SA SET TO EXPAND EMPLOYMENT TRIBUNAL
From 1 July 2017 the jurisdiction of the SA Employment Tribunal (SAET) will expand under the Statutes Amendment (South Australian Employment Tribunal) Bill 2016 which was assented to on the 8 December 2016. It is another step in the Government’s plan to make the body a ‘one-stop shop’ for employment related disputes.
The Bill abolishes the Industrial Relations Court and the Industrial Relations Commission and confers their jurisdiction upon the SA Employment Tribunal. For constitutional reasons the functions previously undertaken by the Industrial Relations Court will be dealt with by a part of the SA Employment Tribunal acting as a Tribunal in Court Session. This will be referred to as the South Australian Employment Court (SAEC), and will now be the division to hear monetary claims arising under Awards, Enterprise Agreements and significantly, employment contracts.
Breach of common law contract claims ordinarily brought in the District or Supreme Courts (for example, failure to pay reasonable notice) will now be able to be brought to the SAEC. SAEC is specifically given jurisdiction to hear and determine any ‘question, action or claim’ that is founded on or arises out of a contract of employment, even if the contract of employment has been terminated. This extends to claims for general damages resulting from breach of contract, including circumstances where an employee has been dismissed. The Bill also specifically allows SAET to deal with a claim to recover a liquidated sum or debt that arises from a contract of employment.
The SAEC division will also have jurisdiction for contracts of employment and the grant of injunctions or orders for specific performance.
In addition to this the Tribunal has been given jurisdiction to deal with employment related disputes arising under the Equal Opportunities Act 1984 (SA) previously determined by the Equal Opportunity Tribunal. A range of other disciplinary tribunals have also been affected with SAET gaining jurisdictions formerly held by the Teachers Appeal Board, the Police Review Tribunal and the Public Sector Grievance Review Commission.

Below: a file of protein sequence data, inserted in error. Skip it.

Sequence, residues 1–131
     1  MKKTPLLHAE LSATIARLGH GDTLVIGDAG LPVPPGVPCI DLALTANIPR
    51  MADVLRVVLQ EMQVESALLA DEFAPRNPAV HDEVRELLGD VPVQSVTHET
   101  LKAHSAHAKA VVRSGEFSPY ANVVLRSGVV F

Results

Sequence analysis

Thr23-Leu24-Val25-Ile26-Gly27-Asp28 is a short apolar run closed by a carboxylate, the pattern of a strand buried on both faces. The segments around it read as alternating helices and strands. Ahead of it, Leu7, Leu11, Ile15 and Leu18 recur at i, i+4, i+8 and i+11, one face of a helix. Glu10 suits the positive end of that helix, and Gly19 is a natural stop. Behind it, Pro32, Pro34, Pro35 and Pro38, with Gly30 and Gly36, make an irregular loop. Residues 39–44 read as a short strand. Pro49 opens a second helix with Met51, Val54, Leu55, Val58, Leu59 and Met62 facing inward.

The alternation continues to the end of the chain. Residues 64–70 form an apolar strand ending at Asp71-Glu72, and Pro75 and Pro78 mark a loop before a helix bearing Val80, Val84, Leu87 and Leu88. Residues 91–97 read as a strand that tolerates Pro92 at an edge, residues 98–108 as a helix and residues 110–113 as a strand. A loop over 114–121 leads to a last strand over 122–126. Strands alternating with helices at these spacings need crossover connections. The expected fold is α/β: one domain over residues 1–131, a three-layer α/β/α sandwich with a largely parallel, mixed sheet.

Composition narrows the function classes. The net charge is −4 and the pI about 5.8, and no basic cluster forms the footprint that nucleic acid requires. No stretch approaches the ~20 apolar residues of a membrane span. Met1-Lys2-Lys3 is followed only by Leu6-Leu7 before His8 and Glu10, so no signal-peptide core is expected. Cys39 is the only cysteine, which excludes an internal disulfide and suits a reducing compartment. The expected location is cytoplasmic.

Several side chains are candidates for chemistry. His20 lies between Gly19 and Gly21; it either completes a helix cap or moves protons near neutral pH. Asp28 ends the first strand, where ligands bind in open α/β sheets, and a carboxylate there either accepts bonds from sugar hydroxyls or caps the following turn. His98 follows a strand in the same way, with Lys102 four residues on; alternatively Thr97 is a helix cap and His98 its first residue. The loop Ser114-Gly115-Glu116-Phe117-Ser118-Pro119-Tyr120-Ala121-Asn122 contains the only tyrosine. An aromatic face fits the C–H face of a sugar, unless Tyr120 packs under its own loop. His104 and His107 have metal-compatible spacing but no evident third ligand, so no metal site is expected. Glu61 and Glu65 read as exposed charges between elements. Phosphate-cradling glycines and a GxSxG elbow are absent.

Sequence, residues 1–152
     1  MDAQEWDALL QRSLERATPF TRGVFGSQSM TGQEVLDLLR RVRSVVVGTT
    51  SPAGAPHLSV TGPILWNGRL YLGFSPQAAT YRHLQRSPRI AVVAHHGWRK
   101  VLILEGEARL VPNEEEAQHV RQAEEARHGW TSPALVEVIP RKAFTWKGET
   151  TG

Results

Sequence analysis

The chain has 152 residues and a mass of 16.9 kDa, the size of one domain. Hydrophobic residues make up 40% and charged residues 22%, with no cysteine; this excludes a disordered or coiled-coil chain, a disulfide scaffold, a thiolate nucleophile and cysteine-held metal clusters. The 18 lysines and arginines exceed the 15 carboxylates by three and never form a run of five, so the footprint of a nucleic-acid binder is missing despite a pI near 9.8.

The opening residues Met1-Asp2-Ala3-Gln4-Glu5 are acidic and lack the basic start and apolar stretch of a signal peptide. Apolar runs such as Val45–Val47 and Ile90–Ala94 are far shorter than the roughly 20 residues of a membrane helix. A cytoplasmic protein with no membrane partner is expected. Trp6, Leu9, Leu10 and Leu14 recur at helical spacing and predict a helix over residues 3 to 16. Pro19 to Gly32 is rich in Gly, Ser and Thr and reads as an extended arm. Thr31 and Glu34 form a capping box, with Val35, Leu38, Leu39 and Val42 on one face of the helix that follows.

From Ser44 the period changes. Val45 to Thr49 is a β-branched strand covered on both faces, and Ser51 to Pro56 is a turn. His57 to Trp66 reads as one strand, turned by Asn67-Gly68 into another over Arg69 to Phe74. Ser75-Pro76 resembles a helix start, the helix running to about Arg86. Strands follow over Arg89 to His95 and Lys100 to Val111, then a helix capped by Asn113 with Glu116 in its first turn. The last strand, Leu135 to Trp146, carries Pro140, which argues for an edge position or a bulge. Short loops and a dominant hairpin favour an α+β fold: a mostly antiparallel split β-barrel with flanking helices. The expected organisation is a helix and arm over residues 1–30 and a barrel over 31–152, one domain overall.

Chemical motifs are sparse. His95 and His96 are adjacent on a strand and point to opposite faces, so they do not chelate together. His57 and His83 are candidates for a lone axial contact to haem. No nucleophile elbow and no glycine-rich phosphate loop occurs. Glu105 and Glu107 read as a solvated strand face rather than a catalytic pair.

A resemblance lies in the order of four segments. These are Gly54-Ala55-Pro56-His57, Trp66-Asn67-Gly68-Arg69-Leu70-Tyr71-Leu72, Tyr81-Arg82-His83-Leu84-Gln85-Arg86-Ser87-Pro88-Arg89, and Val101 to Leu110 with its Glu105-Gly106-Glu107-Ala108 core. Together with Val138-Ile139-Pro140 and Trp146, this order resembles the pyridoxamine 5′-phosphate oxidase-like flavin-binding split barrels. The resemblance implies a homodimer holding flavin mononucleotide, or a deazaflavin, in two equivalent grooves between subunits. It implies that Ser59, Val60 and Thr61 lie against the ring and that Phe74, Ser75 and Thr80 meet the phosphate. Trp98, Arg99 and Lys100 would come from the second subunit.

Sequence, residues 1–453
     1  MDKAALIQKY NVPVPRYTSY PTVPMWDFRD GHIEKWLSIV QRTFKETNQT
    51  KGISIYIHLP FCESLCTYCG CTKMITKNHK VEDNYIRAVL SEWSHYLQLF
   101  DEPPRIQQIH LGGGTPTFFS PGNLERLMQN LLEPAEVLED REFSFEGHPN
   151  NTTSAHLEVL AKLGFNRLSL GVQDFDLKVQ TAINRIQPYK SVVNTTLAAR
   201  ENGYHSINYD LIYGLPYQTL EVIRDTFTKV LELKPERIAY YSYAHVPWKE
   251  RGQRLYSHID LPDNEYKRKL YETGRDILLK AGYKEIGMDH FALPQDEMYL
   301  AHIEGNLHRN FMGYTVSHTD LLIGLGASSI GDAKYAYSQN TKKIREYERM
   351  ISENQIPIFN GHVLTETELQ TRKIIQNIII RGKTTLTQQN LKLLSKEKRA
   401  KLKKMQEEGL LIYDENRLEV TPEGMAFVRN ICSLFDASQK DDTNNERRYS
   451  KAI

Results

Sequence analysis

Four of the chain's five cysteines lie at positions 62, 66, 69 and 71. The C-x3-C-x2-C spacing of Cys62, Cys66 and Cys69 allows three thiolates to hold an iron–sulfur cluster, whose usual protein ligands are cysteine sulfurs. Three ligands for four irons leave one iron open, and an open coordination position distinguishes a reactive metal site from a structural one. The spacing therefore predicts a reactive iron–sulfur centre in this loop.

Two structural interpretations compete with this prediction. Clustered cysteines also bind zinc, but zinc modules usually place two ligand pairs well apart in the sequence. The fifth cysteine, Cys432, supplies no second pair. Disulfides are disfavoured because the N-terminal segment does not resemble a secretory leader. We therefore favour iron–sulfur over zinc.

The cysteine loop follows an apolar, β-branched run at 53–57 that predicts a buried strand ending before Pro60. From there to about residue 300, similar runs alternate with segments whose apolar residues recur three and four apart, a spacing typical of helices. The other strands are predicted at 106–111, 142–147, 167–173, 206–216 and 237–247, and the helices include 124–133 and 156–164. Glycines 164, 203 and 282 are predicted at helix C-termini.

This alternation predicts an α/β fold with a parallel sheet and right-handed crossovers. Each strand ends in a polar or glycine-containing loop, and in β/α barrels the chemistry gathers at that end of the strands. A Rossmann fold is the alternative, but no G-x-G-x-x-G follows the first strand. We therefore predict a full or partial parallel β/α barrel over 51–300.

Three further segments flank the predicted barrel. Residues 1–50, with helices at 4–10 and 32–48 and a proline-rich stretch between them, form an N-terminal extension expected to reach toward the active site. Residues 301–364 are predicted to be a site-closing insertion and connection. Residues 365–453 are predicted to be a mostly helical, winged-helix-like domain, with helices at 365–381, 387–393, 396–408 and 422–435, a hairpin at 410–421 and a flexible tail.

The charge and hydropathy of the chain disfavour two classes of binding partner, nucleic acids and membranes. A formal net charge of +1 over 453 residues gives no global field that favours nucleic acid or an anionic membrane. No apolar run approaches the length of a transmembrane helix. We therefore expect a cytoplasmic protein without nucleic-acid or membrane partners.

The Tribunal has also been given an expanded criminal jurisdiction to deal with industrial offences, such as those arising under the Work Health and Safety Act 2012 (SA) or the Return to Work Act 2014 (SA). Summary or minor indictable offences will be heard by magistrates of the Tribunal sitting as SEAC.
The Bill also amends the Dust Diseases Act 2005 (SA) to allow SAET as well as the District Court to hear and determine proceedings in relation to a dust disease action within the SEAC division of the Tribunal.
Composition of the Tribunal
The Bill also makes some changes to the composition of SAET. The bill proposes that the President will be a judge of the District Court. The current President, appointed on the 4 March 2016 is his Honour Peter McCusker. The Bill provides that at a minimum there will be at least two Deputy Presidents, who may be either District Court judges or magistrates. There are currently seven Deputy Presidents, include Judge BP Gilchrist, Judge PD Hannon, Judge LJ Farrell, M Calligeros, SP Dolphin, M Ardlie and SM Lieschke. The Tribunal will also have Magistrates who are designated members, Commissioners (formerly Conciliation Officers) and Supplementary Panel Members.
Supplementary Panel members will continue to bring a range of outside expertise to matters when the President of SAET considers that they will assist SAET to deal with disputes.
Procedural Changes and Appeals
The Bill makes a number of changes to the procedural rules in the current Act and makes further provision for reviews and appeals to reflect the expansion of the Tribunal’s jurisdiction.
An appeal from a decision of the Tribunal under the Return to Work Act 2014 (SA) (other than a criminal appeal) will be limited to a question of law. There is also internal review of decisions available for decisions of the Tribunal made without a presidential member.
An appeal against a decision of the Tribunal will usually be heard by a Full Bench of the SA Employment Tribunal, with a final appeal on questions of law still to be heard by the Full Court of the Supreme Court.